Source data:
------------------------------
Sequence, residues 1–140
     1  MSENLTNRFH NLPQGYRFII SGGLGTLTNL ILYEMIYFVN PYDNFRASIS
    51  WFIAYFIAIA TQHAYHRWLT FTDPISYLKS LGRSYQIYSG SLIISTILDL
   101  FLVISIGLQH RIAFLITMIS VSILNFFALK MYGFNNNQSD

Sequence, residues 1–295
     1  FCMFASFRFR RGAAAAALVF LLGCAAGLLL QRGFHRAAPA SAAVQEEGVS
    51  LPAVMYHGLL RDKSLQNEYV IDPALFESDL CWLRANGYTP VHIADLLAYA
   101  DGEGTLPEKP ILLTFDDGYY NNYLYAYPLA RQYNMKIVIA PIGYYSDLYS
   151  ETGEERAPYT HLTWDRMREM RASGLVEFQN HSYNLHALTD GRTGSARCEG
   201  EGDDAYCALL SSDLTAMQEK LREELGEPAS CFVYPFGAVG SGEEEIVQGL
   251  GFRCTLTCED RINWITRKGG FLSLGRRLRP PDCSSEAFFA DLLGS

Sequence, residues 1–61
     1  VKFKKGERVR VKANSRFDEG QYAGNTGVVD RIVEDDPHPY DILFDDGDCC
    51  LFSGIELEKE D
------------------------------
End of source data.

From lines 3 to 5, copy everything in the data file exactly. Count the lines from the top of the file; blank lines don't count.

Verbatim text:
    51  WFIAYFIAIA TQHAYHRWLT FTDPISYLKS LGRSYQIYSG SLIISTILDL
   101  FLVISIGLQH RIAFLITMIS VSILNFFALK MYGFNNNQSD

Sequence, residues 1–295